Over the last few months, I’ve been coming to grips with VMware’s new vCloud Director service. I’ve written step-by-step tips on the initial installation and an overview of the
But right now, I want to go back the starting point of that process and guide users through the initial "first-run" configuration of vCloud Director (vCD). This tip is based around a fictitious company called Corp, Inc., which I have used before.
In this particular scenario, Corp, Inc., is a holding company that provides its many businesses with IT resources through the corporate data center. There are many ways to segment the cloud -- by department or by business function -- but I decided to opt for this sort of company where one business contains several others. For the purpose of this example, the cluster has been divided into resource pools, and quantities of CPU and memory has been set to reflect the different demands needed to run each of the company's internal infrastructure.
Figure 1: The cluster (Click to enlarge image)
Author's note: In the real world, I would hope that you would have more than three ESX hosts to run your private cloud! The "Infrastructure" resource pools run internal services required in the corporate data center and therefore are not accessible to any of the businesses that make up Corp, Inc.
The job of the cloud administrator will be to separate each of the businesses into different Organization Virtual Data Centers, with a single Provider Virtual Data Center for the segments of the holding company that work elsewhere. Although the three companies are part of a much larger holding company, they still need to be separate for security and network reasons.
To do the post-configuration of vCD, you will need to point your Web browser at wherever you assigned the HTTP port during vCD's installation. Once there, you will be greeted by the vCloud Director Setup page. Work your way past the obligatory welcome message, the EULA and the edit box to input your license key.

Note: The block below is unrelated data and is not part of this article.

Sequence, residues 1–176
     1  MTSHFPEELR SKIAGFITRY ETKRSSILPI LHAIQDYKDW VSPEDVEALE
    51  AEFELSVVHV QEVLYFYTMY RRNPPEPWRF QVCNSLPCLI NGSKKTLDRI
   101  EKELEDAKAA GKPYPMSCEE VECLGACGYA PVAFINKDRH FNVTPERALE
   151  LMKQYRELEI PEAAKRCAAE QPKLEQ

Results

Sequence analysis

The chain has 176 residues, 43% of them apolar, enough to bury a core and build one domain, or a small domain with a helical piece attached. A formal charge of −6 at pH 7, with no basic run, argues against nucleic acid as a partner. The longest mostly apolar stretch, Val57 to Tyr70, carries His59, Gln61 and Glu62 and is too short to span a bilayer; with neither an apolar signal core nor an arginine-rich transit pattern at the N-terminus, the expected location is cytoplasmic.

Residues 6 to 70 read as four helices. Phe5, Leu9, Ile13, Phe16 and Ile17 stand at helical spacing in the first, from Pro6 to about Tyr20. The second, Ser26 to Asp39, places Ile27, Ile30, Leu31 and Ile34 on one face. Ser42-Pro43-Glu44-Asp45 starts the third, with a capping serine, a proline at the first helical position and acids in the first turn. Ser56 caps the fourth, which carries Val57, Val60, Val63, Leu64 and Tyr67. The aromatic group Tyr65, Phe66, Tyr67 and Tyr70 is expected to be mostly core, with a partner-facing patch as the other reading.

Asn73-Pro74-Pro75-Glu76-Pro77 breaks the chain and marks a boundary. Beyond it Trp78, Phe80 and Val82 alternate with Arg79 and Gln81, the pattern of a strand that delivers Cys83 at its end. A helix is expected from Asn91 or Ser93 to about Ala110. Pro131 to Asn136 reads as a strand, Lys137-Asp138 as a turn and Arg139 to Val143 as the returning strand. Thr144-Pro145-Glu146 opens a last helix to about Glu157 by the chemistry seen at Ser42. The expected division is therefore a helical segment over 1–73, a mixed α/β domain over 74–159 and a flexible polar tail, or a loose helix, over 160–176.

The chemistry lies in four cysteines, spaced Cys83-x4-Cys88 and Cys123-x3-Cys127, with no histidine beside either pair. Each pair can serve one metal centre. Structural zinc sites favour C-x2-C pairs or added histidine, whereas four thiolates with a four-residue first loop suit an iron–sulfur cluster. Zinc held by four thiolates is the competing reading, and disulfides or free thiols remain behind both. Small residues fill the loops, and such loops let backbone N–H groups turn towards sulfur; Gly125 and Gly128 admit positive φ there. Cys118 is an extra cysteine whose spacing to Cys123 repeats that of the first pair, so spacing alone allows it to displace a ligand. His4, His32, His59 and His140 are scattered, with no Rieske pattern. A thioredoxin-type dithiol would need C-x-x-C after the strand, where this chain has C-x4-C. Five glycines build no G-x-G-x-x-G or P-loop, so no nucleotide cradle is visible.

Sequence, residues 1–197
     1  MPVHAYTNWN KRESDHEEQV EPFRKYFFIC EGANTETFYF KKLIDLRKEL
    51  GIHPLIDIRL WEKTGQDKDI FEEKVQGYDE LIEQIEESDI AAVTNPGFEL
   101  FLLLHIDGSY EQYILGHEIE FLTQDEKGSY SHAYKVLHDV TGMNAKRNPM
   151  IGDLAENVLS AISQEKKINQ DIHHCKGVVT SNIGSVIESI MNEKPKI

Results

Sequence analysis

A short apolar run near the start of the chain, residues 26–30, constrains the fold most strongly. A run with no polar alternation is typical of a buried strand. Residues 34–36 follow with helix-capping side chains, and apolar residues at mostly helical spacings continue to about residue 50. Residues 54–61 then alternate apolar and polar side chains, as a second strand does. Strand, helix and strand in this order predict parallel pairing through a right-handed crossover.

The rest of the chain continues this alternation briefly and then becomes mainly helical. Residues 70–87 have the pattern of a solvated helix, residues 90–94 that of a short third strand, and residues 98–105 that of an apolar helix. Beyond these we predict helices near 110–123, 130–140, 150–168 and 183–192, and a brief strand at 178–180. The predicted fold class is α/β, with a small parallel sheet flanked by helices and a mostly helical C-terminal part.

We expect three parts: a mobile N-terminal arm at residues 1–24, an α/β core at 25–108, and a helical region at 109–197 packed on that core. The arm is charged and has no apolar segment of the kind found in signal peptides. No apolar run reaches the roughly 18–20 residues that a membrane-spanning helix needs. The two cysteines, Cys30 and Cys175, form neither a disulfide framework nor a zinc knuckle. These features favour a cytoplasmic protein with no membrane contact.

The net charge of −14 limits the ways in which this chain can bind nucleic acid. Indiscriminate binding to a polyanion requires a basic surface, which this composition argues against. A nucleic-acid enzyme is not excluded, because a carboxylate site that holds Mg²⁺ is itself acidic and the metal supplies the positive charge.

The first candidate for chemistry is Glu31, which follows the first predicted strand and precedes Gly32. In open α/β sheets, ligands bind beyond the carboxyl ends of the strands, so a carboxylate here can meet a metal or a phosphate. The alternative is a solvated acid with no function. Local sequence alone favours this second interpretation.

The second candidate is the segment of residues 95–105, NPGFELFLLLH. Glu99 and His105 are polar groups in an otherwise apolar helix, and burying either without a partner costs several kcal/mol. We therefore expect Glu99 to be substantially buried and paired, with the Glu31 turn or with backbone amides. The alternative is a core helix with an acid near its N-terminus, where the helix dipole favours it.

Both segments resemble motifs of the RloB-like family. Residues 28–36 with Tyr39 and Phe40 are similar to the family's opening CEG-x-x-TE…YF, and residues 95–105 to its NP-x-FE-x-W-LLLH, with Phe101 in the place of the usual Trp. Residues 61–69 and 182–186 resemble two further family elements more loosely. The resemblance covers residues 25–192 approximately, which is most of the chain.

You'll then have to create an administrator account for the vCD environment. Remember, although vCD does support Microsoft Active Directory and other third-party LDAP providers, this account is stored on the vCD database back-end.
The next step in completing the setup wizard is to configure the system settings to allow for unique identifiers. This part of the wizard permits you to set a unique system name and installation ID; these two parameters are used to identify the vCD instance, and they guarantee that network adapter MAC addressees will be unique for every virtual machine within the environment.
You might think that, after all this, vCD would be ready to rumble. However, there is more to the post-configuration of vCD than meets the eye. There are another eight steps to complete before the system is configured. It is possible to carry out each of them out manually, but I would recommend using the “wizard” that drives this part of the configuration and learning where the various settings and objects exist afterwards. This method makes it far less likely that you'll make a mistake, and you'll also be able to add any needed additional components far more efficiently.
These eight steps above are broken down evenly between two main tasks. First, you must specify what resources are available to vCD, and then you'll have to assign those resources to the business units. We will look at these steps in the next installment of the series.
ABOUT THE AUTHOR:
Mike Laverick (VCP) has been involved with the VMware community since 2003. Laverick is a VMware forum moderator and member of the London VMware User Group Steering Committee. Laverick is the owner and author of the virtualization website and blog RTFM Education, where he publishes free guides and utilities aimed at VMware ESX/VirtualCenter users, and has recently joined SearchVMware.com as an Editor at Large. In 2009, Laverick received the VMware vExpert award and helped found the Irish and Scottish VMware user groups. Laverick has had books published on VMware Virtual Infrastructure 3, VMware vSphere4 and VMware Site Recovery Manager.
This was first published in March 2011